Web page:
This week’s article is a simple transformation of a theoretically photogenic door. At the time that I saw the door in the small town of Barolo in the Piemonte, I suspected that I could turn that door from a snapshot into a fine-art photo. Let’s see what you think…
The favored wine of the Langhe of the Piemonte is the Barolo wine, which is named after the small Langhe village of non-other-than Barolo. This village is most assuredly photogenic. In future blog articles, you will see other ‘Transformation…’ articles featuring photos taken in Barolo.
Here is the final transformed door, just as I imagined it when I took the photos there in ‘the field’.
Today’s blue door did not start off blue, but brown. I wasn’t too happy with the exterior decorator’s choice of color, so I painted it blue myself…digitally, of course. And, to be sure that I had enough high-quality pixels to use in this transformation, l elected to take three photos that I would then stitch into a panorama.
Here are the three original snapshots that gave me what I needed for this transformation.
After stitching the three photos together into a lethargic panorama, as seen here. Not much to look at, huh…except for a lot of distortion.
The doorways to the left and right were just distractions to the star of this show — that being the multi-paneled door. Now I pulled out the paint brush and changed that dull door into a nice blue, rustic door. Additionally, that metal plate on the brick street needed to go, so I eliminated it. The door to the left and ally to the right also needed to go, so I eliminated both of them. Here is the transformation, thus far.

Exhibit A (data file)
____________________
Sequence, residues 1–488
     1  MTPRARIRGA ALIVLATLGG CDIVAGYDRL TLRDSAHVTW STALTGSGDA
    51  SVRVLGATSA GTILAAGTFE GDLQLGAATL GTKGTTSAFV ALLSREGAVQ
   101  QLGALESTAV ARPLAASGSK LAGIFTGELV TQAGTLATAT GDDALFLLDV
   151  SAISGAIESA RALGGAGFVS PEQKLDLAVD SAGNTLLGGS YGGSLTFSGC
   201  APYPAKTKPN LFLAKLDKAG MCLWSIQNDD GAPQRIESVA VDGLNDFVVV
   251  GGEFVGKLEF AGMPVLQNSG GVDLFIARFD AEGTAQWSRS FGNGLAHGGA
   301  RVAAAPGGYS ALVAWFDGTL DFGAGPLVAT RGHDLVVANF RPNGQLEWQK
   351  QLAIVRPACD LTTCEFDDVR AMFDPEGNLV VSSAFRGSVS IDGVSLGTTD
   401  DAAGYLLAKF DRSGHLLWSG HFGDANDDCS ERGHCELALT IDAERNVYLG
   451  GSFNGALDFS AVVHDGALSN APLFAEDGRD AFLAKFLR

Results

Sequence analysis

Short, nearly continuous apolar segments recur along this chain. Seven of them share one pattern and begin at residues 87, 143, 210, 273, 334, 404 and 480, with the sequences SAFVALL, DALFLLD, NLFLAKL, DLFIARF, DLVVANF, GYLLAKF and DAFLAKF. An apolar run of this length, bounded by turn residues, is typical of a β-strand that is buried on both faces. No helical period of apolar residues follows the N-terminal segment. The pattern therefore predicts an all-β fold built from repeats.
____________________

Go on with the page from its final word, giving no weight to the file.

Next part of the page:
Oh, about that letter slot. Normally, I eliminate obviously modern paraphernalia like pad locks and letter slots to go along with my desire to give you a timeless Italy. But, this letter slot intrigued me. I like the patina and the fact that it says ‘Lettere’ (that’s Italian for ‘letters’, by the way). So, I decided to leave the letter slot in place, which I’m sure pleases the residents no end.
The last thing left is that disturbing distortion in the stone work of the wall…done. And once again, here is the final, transformed blue door of Barolo.
So, how did I do on the job of transforming that dull, brown door?
I hope you enjoyed today’s image-centric article.
Ciao for now,